These may be far from the best of times, but they are no longer the worst. Last year's annual "Best Cities for Jobs" list was by far the most dismal since we began compiling our rankings almost five years ago. Between 2009 and 2010, only 13 of 397 metropolitan areas experienced any growth at all. For this year's list, which measured job growth in the period between January 2010 and January 2011, most of the best-performing areas experienced actual employment increases -- even if they were modest.
For Forbes' list of the best cities for jobs, we ranked all 398 current metropolitan statistical areas, based on employment data from the Bureau of Labor Statistics reported from November 1999 to January 2011. Rankings are based on recent growth trends, mid-term growth and long-term growth and momentum. We also broke down rankings by size -- small, medium and large -- since regional economies differ markedly due to their scale.
Chief Executive magazine listed Texas the #1 state to do business after surveying 550 CEO's from across America.
"More than 500 CEOs considered a wide range of criteria, from taxation and regulation to workforce quality and living environment, in our annual ranking of the best states for business. The charts and articles in this special report and at http://www.chiefexecutive.net/states2011 show how each state fares on the factors most essential for a business-friendly environment—as well as what states are doing to attract and retain companies in the increasingly competitive battle to win site selection."
When a group of legislators proposed a trip to the state capitol of Texas to see what they do right that California does wrong, I first thought "I don't need to go because I'm a business owner and I know why businesses are leaving California -- we're over-regulated, we're taxed too much, and there's a constant war being waged against business and job creators."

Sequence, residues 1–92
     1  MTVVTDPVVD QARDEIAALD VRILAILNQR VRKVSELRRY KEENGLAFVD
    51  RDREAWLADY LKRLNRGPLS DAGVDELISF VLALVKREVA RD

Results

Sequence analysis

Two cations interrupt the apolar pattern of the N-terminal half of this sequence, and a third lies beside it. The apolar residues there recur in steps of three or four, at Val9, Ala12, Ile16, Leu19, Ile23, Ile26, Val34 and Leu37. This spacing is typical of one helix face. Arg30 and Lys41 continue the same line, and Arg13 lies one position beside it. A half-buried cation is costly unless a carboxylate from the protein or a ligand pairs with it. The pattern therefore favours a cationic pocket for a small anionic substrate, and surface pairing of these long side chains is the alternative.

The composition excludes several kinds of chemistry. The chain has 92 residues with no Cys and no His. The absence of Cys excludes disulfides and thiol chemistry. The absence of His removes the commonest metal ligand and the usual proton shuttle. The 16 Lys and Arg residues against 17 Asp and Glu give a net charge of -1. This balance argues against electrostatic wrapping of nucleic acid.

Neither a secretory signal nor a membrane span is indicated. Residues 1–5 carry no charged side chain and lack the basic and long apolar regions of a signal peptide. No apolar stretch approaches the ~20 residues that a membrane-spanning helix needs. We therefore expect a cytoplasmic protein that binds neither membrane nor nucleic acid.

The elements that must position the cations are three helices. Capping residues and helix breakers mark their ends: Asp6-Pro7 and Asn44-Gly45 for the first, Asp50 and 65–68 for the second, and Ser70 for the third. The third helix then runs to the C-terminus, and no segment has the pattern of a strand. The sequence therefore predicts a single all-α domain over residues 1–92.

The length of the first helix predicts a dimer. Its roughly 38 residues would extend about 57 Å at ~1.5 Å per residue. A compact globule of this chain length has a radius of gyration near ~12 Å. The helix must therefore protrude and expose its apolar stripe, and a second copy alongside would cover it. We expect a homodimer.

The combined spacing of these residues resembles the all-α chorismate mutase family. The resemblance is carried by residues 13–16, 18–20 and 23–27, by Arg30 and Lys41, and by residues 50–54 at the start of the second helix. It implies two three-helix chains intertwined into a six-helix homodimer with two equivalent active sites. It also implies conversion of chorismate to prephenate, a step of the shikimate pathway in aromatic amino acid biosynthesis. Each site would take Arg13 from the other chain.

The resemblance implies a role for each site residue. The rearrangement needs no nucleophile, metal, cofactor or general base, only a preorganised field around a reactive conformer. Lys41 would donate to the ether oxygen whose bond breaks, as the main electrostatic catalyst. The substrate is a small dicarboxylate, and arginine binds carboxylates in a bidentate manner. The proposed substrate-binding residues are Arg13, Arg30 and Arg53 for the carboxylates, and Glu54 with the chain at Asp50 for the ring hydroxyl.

But I decided to go -- at my own expense -- and in those three days, I heard first-hand testimony from political and business leaders in Texas and came away with great respect for their political leadership , something sorely missing here but something I hope to restore.
When our company recently expanded the number of its restaurants in Texas, I was startled to receive a call from Gov. Rick Perry thanking me for our decision.
In the 10 years I've been CEO of CKE Restaurants, no governor had ever made such a gesture. Perry went further during our conversation and asked what it would take to move our headquarters from California to Texas.
It wasn't your usual legislative hearing. A group of largely Republican California lawmakers and Democratic Lt. Gov. Gavin Newsom traveled here last week to hear from businesses that have left their state to set up shop in Texas.
"We came to learn why they would pick up their roots and move in order to grow their businesses," says GOP Assemblyman Dan Logue, who organized the trip. "Why does Chief Executive magazine rate California the worst state for job and business growth and Texas the best state?"
The contrast is undeniable. Texas has added 165,000 jobs during the last three years while California has lost 1.2 million. California's jobless rate is 12% compared to 8% in Texas.
Gov. Rick Perry today announced the state is investing $2.8 million through the Texas Enterprise Fund (TEF) in eBay Inc. for the expansion of its Austin facility. This investment will create 1,050 high-paying jobs and generate an estimated $5.1 million in capital investment.
Recently, Governor Perry announced that idX Corp. would build a manufacturing facility in Cuero and create 125 jobs because of an investment by the Texas Enterprise Fund.
"To have an international company of the stature of idX locate here is a testament to Cuero's pro-business climate and commitment to manufacturing," Cuero Development Corporation Executive Director Randall Malik said. "Our ideal location for manufacturing and the Texas Enterprise Fund played a significant role in idX's decision to locate in Cuero."
At a ceremony in Richardson, Governor Perry announced a new corporate headquarter in Texas that will create more than 400 jobs.
"I have the great privilege today to announce Richardson will be home to the new corporate headquarters for Virtual Computing Environment, with a $2.45 million Texas Enterprise Fund investment helping close the deal that will bring hundreds of new jobs to town."